The nine suspected insider traders are expected to be charged in New York and New Jersey. The case reportedly marks the first time prosecutors have alleged that a securities fraud scheme was based on hacked inside information. ComputerWeekly reports that, “the case exposes the vulnerabilities of financial markets in the digital age and demonstrates how advance information can be acquired without using any insider contacts.”

Edcomm Group Banker’s Academy has many robust course offerings that address different aspects of cybersecurity, including cybercrimes and other regulations that protect institutions from cyberattacks such as insider trading.


Ashford, Warwick. “FBI uncovers cyber insider trading gang.” Tech Target, 11 August 2015. Web. 11 August 2015.

Maglich, Jordan. “Criminal Charges Filed in Massive Alleged Cyber Insider Trading Ring.” Forbes. Forbes, 11 August 2015. Web. 11 August 2015.


China Devalues Yuan Following Slump in Trade

August 13, 2015 – On Tuesday, China devalued its tightly controlled currency, the yuan, in the wake of the country’s economic turmoil. The devaluation of 2% is said to be the biggest one-day decline in over ten years.

As a result of the devaluation, Asian currencies and stock markets across the region declined sharply: the onshore yuan suffered its biggest one-day loss in almost twenty years, sending the Thai baht, the Singapore dollar, the Korean won, and the Philippine peso to multiyear lows, according to the Wall Street Journal.

The Chinese government cited it as a free-market reform, a “change in methodology to make it more responsive to market forces,” but many critics think it might be the sign of a longer-term slide in the exchange rate which might lead to tensions with U.S. manufacturers. A weaker yuan will make Chinese exports more competitive, a boon for Chinese exporters who already have very thin profit margins.

According to one source, “China’s decision to devalue the yuan Tuesday—effectively lowering the value of exports and increasing the cost of imports for domestic buyers—is likely to deepen price declines among copper, aluminum and other metals. China consumes nearly half of the world’s annual output of metals.”

Edcomm Group Banker’s Academy is always ready and able to help financial institutions and other banking organizations to navigate the tumultuous economic climate. Visit our Banking and Financial Course Catalogue for processes and procedures for traversing these international financial shifts!


Deng, Chao. “Currencies in Asia Tumble on Devaluation of Chinese Yuan.” The Wall Street Journal. Dow Jones & Copmany, Inc., 11 August 2015. Web. 11 August 2015.

Mukherji, Biman. “With Yuan Devaluation, China Digs a Hole for Commodities.” The Wall Street Journal. Dow Jones & Copmany, Inc., 11 August 2015. Web. 11 August 2015.

EMV Fraud Liability Shift Deadline Looms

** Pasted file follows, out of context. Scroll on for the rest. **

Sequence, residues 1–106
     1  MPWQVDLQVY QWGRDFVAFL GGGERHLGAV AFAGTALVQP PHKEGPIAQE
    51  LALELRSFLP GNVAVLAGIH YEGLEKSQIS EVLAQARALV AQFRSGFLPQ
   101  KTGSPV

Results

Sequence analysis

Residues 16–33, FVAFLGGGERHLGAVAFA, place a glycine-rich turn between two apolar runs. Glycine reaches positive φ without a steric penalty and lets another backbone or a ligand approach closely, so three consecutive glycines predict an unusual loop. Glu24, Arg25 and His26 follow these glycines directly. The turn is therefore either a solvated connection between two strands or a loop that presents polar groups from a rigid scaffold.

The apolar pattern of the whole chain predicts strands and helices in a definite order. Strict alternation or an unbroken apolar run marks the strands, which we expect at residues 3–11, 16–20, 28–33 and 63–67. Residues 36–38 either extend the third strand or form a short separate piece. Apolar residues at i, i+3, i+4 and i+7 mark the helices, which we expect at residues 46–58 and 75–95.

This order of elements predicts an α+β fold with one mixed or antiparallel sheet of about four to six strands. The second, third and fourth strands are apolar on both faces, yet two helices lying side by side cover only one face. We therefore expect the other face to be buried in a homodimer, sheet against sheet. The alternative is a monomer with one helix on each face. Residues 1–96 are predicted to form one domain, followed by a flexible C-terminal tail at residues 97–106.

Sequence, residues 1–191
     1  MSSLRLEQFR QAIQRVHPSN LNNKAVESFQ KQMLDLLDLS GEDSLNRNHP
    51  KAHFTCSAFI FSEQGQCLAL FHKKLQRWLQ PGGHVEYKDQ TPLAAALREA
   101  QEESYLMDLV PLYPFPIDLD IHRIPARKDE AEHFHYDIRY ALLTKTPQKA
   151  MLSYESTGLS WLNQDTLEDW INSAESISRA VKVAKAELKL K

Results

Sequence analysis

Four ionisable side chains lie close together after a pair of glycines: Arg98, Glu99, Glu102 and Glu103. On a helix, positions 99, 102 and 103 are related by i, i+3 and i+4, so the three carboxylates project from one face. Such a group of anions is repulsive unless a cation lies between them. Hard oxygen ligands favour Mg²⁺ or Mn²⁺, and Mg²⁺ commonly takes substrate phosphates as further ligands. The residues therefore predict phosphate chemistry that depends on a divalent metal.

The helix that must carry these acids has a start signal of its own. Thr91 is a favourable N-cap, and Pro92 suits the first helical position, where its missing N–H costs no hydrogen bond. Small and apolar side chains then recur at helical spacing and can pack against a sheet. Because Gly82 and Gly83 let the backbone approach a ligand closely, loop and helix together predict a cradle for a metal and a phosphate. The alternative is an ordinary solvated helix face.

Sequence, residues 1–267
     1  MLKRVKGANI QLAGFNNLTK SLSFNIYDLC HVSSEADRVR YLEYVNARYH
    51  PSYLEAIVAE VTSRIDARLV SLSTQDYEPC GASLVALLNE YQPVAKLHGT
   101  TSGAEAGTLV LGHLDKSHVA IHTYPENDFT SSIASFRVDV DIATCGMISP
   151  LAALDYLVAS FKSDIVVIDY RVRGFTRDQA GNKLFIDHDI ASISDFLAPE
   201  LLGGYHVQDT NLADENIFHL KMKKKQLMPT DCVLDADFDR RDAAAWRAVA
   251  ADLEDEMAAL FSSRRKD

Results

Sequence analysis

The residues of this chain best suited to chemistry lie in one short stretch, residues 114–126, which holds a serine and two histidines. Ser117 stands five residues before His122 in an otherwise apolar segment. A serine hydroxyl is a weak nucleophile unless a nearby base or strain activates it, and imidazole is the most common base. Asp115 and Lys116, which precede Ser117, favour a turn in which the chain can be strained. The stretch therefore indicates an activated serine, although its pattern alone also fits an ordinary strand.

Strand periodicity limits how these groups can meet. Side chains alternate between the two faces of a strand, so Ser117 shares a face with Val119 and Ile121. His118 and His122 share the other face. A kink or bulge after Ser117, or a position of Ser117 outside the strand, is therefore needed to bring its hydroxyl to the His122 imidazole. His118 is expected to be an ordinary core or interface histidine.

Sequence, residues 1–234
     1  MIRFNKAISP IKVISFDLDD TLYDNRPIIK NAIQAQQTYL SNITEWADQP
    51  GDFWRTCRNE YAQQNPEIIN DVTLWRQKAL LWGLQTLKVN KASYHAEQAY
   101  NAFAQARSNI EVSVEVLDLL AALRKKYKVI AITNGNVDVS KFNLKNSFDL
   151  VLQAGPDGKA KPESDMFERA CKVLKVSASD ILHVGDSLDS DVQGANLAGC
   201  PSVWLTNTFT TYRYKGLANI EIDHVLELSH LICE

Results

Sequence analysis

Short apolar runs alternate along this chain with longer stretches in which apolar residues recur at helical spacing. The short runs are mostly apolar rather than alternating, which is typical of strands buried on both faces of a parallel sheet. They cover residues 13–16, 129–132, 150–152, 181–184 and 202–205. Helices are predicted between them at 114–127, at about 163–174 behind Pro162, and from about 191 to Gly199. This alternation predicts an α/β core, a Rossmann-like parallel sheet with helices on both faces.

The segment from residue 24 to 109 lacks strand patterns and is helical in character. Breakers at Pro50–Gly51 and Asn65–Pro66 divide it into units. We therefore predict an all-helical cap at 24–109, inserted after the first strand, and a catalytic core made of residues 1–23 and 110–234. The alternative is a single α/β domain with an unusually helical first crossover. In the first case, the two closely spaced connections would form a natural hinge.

August 12, 2015 – On October 1, 2015, the EMV Liability Shift, announced by Visa, MasterCard, Discover, and American Express back in 2011 and 2012, will take effect in the United States. Issuers and merchants using non-EMV compliant devices that choose to accept transactions made with EMV-compliant cards will be required to assume liability for any and all transactions that are found to be fraudulent.

Over the past few years, the major credit card issuers have announced plans to move toward full EMV-standard compliance, marking several milestones along the way. Visa and MasterCard, for instance, announced PCI Audit Relief back in 2012, and anticipate an October 2017 compliance date for fraud liability at automated fuel dispensers.

The looming question remains whether or not financial institutions and other retailers will be ready to both issue credit cards and accept chip-and-PIN-enabled cards. Last year, the retail giants Home Depot, Target, Walgreens, and Wal-Mart, some of the victims of recent cybersecurity hacks and massive identity theft, pledged to install chip-and-PIN compatible card readers by this  past January, and for the most part this has been the case.

However a recent Gallup has shown that only 32% of small business owners in the United States are aware of the coming liability shift, and those who are aware are hesitant to invest in the new technology, even if it means that credit and debit card transactions will be safer and more secure.

Edcomm Group Banker’s Academy helps financial institutions and organizations alike to weather banking and financial changes such as these with efficient eLearning delivery systems and robust course offerings, such as EMV, a course which analyzes and discusses the implementation of EMV technology in the United States.


Payments Leader. “Will Retailers Be Reader for EMV by Oct 2015?” Payments Leader. Payments Leader, 16 October 2014. Web. 12 August 2015.